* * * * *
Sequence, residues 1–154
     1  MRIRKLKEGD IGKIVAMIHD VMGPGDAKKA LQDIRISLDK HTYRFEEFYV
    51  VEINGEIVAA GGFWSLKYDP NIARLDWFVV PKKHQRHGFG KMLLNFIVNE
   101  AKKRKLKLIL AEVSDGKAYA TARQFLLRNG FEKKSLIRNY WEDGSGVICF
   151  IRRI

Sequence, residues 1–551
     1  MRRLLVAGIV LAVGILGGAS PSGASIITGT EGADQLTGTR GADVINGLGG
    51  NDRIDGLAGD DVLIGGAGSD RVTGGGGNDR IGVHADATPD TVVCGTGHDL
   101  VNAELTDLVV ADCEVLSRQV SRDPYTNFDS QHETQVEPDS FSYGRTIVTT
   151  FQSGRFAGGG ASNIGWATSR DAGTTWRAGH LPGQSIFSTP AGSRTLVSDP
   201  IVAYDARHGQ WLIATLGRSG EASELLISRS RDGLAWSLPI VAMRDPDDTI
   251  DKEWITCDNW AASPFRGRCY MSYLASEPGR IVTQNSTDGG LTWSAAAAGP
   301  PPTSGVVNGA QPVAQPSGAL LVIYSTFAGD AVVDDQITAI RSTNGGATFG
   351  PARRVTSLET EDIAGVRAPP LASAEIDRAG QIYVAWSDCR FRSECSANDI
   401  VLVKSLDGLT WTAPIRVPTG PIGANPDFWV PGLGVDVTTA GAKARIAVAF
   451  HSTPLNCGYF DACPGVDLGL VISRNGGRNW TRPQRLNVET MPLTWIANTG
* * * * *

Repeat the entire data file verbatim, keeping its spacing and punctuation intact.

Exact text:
Sequence, residues 1–154
     1  MRIRKLKEGD IGKIVAMIHD VMGPGDAKKA LQDIRISLDK HTYRFEEFYV
    51  VEINGEIVAA GGFWSLKYDP NIARLDWFVV PKKHQRHGFG KMLLNFIVNE
   101  AKKRKLKLIL AEVSDGKAYA TARQFLLRNG FEKKSLIRNY WEDGSGVICF
   151  IRRI

Sequence, residues 1–551
     1  MRRLLVAGIV LAVGILGGAS PSGASIITGT EGADQLTGTR GADVINGLGG
    51  NDRIDGLAGD DVLIGGAGSD RVTGGGGNDR IGVHADATPD TVVCGTGHDL
   101  VNAELTDLVV ADCEVLSRQV SRDPYTNFDS QHETQVEPDS FSYGRTIVTT
   151  FQSGRFAGGG ASNIGWATSR DAGTTWRAGH LPGQSIFSTP AGSRTLVSDP
   201  IVAYDARHGQ WLIATLGRSG EASELLISRS RDGLAWSLPI VAMRDPDDTI
   251  DKEWITCDNW AASPFRGRCY MSYLASEPGR IVTQNSTDGG LTWSAAAAGP
   301  PPTSGVVNGA QPVAQPSGAL LVIYSTFAGD AVVDDQITAI RSTNGGATFG
   351  PARRVTSLET EDIAGVRAPP LASAEIDRAG QIYVAWSDCR FRSECSANDI
   401  VLVKSLDGLT WTAPIRVPTG PIGANPDFWV PGLGVDVTTA GAKARIAVAF
   451  HSTPLNCGYF DACPGVDLGL VISRNGGRNW TRPQRLNVET MPLTWIANTG